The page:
What is Vinca Poisoning?
What separates the Vinca rosea (now Catharanthus roseus) from other periwinkles is the presence of some very strong alkaloids including vincristine and vinblastine. These toxins are actually harvested from the plant for their effective use in chemotherapy, which in itself is a monitored form of poisoning the body. If a cat were to consume the plant, adverse effects could follow. Vinca has both cytotoxic and hypoglycemic properties, capable of causing disruption to the function of cells, severe blistering and lowered blood pressure. If large quantities are ingested, liver failure is possible.
Some know it as Madagascar periwinkle, others as running myrtle, but either way, vinca is a powerful and beautiful plant. While it is native to Madagascar, this fast spreading ground cover can grow in many of the warmer regions of the United States. Vinca spreads by rhizomes, similar to the way that grass grows. In some areas, this speedy growth has lead to the plant being listed as invasive. The flowers of the vinca range from light pinks to dark fuschias, and are often the reason that this plant is used in landscaping. The leaves of the vinca are oval in shape and have a glossy appearance. The plant may grow in a shrub form, reaching up to 3 feet in height.
Symptoms of Vinca Poisoning in Cats
Gastrointestinal upset following consumption of the vinca plant is the most common symptom that arises. In extreme scenarios, brain and central nervous system issues may be noted, although this is rare. All signs to watch for include:
- Abdominal pain
- Low blood pressure
- Cardiac abnormalities
- Central nervous system issues
Causes of Vinca Poisoning in Cats
Vinca is generally found outdoors. It is often used as a ground covering in people's gardens, but may also be found growing in the wild due to its invasive nature. Some may keep the plant potted indoors for its showy display of bright pink flowers. Most cats are discouraged from sampling any more than one bite, as the plant has a very bad taste.
Diagnosis of Vinca Poisoning in Cats
If you have witnessed your cat eating vinca, or if adverse symptoms have begun to arise, take it in to be looked at by a professional. If severe symptoms are compromising the cat's vital functions, the episode should be treated as an emergency. Once you have arrived at a veterinary clinic or animal hospital, you will likely be asked to provide the cat's full medical history. This can help the veterinarian identify what is wrong with the cat and also what types of complications may develop during treatment. You will likely be asked if you allow your cat outdoors and what kind of plants you keep in your home and gardens.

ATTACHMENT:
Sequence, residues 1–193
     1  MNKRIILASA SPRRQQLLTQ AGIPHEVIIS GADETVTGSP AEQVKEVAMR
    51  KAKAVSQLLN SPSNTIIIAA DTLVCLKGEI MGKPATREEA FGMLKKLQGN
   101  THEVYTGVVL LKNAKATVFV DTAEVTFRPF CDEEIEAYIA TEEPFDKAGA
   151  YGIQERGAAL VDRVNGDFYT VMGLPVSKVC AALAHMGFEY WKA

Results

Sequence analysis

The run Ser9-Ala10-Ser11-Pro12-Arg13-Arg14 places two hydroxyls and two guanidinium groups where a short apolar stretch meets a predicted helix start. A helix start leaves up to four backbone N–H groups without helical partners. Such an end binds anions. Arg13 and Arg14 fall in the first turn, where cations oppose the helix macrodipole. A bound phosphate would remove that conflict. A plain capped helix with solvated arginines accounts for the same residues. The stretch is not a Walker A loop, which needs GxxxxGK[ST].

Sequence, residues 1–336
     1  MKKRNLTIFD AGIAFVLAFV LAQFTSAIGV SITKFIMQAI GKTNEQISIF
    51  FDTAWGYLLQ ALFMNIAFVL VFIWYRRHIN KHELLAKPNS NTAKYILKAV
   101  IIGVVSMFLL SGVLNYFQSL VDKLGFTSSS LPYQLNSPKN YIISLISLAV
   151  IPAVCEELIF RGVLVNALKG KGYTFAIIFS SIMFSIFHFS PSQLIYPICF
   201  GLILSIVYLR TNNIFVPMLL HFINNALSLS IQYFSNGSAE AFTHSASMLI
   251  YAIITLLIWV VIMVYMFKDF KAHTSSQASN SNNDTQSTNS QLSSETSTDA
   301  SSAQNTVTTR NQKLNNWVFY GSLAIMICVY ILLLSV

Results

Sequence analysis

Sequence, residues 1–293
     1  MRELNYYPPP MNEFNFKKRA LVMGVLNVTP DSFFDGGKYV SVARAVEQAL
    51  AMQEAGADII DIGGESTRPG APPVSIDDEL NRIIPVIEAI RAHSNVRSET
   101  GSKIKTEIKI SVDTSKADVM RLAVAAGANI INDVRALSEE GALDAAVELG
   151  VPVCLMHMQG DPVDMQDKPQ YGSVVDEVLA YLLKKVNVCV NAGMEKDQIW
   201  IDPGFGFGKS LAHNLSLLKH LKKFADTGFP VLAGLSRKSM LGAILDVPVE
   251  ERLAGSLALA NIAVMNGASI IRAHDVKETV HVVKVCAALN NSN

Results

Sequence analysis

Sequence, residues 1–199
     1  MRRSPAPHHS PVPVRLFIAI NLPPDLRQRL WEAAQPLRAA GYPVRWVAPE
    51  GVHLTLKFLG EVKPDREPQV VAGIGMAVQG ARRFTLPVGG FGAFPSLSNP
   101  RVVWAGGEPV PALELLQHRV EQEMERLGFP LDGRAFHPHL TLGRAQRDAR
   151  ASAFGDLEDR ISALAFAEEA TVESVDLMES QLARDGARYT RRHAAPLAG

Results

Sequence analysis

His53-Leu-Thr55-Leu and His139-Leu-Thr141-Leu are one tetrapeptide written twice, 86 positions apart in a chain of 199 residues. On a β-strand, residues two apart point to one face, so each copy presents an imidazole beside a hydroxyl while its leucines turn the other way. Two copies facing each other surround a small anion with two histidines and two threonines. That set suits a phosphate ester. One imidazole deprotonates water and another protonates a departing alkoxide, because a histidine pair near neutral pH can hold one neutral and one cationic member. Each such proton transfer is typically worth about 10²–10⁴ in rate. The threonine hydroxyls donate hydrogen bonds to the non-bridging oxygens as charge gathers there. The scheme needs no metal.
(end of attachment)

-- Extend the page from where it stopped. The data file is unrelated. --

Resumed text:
The veterinarian will then perform a complete physical examination of the cat to note all symptoms that have developed. Vital signs will be measured, which may reveal abnormally low blood pressure and a high temperature, indicating fever in the cat. The vet may use a stethoscope to listen to the breathing and heart rate of the cat. Irregular heart rhythms may be noted at this point. A sample of the cat's blood will be needed so that routine tests may be run, including a complete blood count (CBC) and a biochemical profile. The results of these tests may show depleted electrolytes, which is a sign of dehydration. Urinalysis may be performed to assess if liver damage has occurred.
Treatment of Vinca Poisoning in Cats
No effective antidote for vinca poisoning has been found as of yet. This means that treatment will revolve around the symptoms that develop in the cat. Treatment may need to begin before a diagnosis has been made in some instances.
Remove Plant Material
The cat's oral cavity will be flushed with water to remove all remaining bits of plant material. The vet may choose to induce the cat to vomit, emptying the stomach of its contents. If the cat is not in a stable state, gastric lavage (stomach pumping) may be chosen over emesis.
Certain medications may be administered to ease the irritation of the stomach. Kapectolin or sucralfate may be used, as they both line the stomach from its contents.
Depending on the severity of the cat's condition, hospitalization may be required while the cat is enduring the illness. During this time the heart may need to be monitored and intravenous fluids with electrolytes may have to be administered.
Recovery of Vinca Poisoning in Cats
As most cats will only ingest a small amount, the majority will recover after gastrointestinal symptoms have passed. In the rare event that large amount of plant material has been consumed, permanent liver damage, a weakened immune system, and even death may result from the poisoning. If your cat has recently recovered from such a poisoning, it may be best to avoid certain medications and vaccinations for some time.